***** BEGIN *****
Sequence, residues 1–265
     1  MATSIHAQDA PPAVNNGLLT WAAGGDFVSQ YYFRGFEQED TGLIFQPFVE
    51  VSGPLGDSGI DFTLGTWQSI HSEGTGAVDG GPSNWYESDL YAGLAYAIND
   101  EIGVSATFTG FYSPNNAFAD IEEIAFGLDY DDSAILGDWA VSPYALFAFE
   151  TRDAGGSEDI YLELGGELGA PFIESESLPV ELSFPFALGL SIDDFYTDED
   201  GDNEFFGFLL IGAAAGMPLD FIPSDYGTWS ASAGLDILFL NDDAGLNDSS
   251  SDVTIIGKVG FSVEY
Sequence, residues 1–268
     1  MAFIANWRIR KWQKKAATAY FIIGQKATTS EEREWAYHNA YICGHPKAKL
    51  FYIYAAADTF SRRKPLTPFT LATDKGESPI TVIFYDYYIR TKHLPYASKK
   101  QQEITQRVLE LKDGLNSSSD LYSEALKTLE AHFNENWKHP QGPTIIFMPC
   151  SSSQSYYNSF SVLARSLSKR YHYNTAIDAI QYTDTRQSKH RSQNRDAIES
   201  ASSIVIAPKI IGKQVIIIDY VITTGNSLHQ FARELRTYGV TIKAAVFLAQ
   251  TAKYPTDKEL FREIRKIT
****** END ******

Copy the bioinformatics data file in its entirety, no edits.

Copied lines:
Sequence, residues 1–265
     1  MATSIHAQDA PPAVNNGLLT WAAGGDFVSQ YYFRGFEQED TGLIFQPFVE
    51  VSGPLGDSGI DFTLGTWQSI HSEGTGAVDG GPSNWYESDL YAGLAYAIND
   101  EIGVSATFTG FYSPNNAFAD IEEIAFGLDY DDSAILGDWA VSPYALFAFE
   151  TRDAGGSEDI YLELGGELGA PFIESESLPV ELSFPFALGL SIDDFYTDED
   201  GDNEFFGFLL IGAAAGMPLD FIPSDYGTWS ASAGLDILFL NDDAGLNDSS
   251  SDVTIIGKVG FSVEY
Sequence, residues 1–268
     1  MAFIANWRIR KWQKKAATAY FIIGQKATTS EEREWAYHNA YICGHPKAKL
    51  FYIYAAADTF SRRKPLTPFT LATDKGESPI TVIFYDYYIR TKHLPYASKK
   101  QQEITQRVLE LKDGLNSSSD LYSEALKTLE AHFNENWKHP QGPTIIFMPC
   151  SSSQSYYNSF SVLARSLSKR YHYNTAIDAI QYTDTRQSKH RSQNRDAIES
   201  ASSIVIAPKI IGKQVIIIDY VITTGNSLHQ FARELRTYGV TIKAAVFLAQ
   251  TAKYPTDKEL FREIRKIT